Ho-hum Western lacks depth and imagination

The Assassination of Jesse James by the Coward Robert Ford

on September 21, 2007 by Shlomo Schwartzberg
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Hollywood never tires of its famous outlaws, be they Wyatt Earp, Wild Bill Hickok or, of course, the legendary Jesse James, the celebrity of his age, who is the subject of a quasi-revisionist movie that adds little of interest to the Western canon.

In 1881 Missouri, after a successful 20-year career robbing banks and stagecoaches, 34-year-old Jesse James (Brad Pitt) has pretty much retired, planning one last train job before getting out of the business for good, or so he says. On the outs with older brother Frank (Sam Shepard), a paranoid Jesse reluctantly lets two siblings, taciturn Charley Ford (Sam Rockwell) and his insecure, worshipful younger brother Robert (Casey Affleck), join his crew. But Jesse's suspicious nature and menacing demeanor set in motion actions that will lead to his death.

At more than two-and-a-half hours, The Assassination of Jesse James by the Coward Robert Ford , based on the novel by Ron Hansen, is as unwieldy as its title and far longer than its thin story warrants. Much of the film, burdened by unnecessary, obvious narration, is an overly languid, dully paced prelude to the main event, Jesse James' murder, which is dispensed with pretty quickly near the movie's end. As Robert Ford, Affleck, in a one-note performance, telegraphs his intentions the minute he appears on screen, and Pitt simply can't convey the complexity—the push-pull between a heroic nature and a cruel one—that the film, not entirely convincingly, insists Jesse possesses.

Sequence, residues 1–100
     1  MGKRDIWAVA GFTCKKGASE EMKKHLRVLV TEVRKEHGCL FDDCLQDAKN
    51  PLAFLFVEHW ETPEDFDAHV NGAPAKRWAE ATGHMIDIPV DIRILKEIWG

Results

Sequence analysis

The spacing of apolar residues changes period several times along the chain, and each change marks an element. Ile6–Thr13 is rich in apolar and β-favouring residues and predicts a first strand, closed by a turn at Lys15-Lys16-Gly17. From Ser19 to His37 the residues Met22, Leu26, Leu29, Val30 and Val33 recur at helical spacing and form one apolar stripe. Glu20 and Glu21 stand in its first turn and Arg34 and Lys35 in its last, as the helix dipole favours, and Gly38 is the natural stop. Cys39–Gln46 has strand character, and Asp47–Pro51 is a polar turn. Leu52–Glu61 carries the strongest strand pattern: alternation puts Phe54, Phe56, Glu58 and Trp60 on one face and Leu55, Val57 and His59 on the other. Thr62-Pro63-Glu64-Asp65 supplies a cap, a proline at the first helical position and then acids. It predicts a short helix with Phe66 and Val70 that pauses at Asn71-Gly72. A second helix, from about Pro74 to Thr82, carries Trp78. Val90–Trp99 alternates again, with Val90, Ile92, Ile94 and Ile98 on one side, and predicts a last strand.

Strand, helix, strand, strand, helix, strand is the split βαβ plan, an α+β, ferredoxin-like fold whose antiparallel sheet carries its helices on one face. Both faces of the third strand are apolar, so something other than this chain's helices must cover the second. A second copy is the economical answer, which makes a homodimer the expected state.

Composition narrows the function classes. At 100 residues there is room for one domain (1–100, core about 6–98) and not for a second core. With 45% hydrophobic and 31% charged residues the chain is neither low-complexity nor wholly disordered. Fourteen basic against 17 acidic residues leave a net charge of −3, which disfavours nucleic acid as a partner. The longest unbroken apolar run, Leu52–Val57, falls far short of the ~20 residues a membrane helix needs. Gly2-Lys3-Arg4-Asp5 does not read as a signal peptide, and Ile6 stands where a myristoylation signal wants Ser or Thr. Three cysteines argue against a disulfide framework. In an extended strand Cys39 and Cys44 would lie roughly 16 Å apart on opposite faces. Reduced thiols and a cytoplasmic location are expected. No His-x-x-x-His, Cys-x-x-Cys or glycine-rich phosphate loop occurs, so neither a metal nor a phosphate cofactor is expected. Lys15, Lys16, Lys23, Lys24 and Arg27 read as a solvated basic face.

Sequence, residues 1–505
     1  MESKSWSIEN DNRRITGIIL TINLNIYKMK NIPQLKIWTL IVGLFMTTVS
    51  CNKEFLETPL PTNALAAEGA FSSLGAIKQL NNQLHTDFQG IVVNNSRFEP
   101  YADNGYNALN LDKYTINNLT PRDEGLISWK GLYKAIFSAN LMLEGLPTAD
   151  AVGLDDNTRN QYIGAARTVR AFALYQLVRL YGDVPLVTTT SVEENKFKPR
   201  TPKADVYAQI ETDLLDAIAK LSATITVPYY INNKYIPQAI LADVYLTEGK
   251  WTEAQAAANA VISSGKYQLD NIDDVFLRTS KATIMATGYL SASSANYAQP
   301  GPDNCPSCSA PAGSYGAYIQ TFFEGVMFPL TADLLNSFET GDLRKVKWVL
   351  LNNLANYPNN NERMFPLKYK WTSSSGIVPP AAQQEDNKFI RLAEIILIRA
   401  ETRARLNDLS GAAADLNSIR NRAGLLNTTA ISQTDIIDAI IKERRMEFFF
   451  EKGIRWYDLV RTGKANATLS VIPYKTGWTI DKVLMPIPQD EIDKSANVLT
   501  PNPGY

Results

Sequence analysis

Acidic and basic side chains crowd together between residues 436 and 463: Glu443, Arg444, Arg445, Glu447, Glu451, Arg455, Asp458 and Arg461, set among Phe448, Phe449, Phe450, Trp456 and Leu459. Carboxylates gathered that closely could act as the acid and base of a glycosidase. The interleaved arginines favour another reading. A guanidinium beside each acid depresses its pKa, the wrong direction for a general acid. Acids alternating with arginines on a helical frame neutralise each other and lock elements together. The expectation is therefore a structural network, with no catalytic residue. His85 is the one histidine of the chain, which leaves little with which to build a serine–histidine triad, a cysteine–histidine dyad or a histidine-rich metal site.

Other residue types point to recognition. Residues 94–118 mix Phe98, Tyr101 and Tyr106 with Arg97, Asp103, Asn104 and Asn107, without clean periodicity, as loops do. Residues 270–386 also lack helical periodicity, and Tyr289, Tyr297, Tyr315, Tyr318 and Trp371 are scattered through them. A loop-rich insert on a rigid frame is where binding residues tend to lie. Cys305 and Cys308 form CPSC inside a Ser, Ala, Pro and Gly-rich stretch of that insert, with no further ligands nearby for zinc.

There is some good acting in the film, notably that of Rockwell as Charley Ford and Paul Schneider, ( Lars and the Real Girl ), as Dick Liddil, the erudite member of Jesse's gang. The film also looks great, courtesy of ace cinematographer Roger Deakins ( Kundun ), but truth told, compared to similarly themed, superior movies such as The Man Who Shot Liberty Valance and The Long Riders , among others, there's nothing here we haven't seen many times before.

For complete coverage of the 2007 Toronto International Film Festival, search boxoffice.com using keyword "TIFF 2007."
Distributor: Warner Bros.
Cast: Brad Pitt, Casey Affleck, Sam Shepard, Mary-Louise Parker, Paul Schneider, Jeremy Renner, Zooey Deschanel and Sam Rockwell
Director/Screenwriter: Andrew Dominik
Producers: Brad Pitt, Dede Gardner, Ridley Scott, Jules Daly and David Valdes
Genre: Western
Rating: R for some strong violence and brief sexual references
Running time: 155 min.
Release date: September 21, 2007 ltd.
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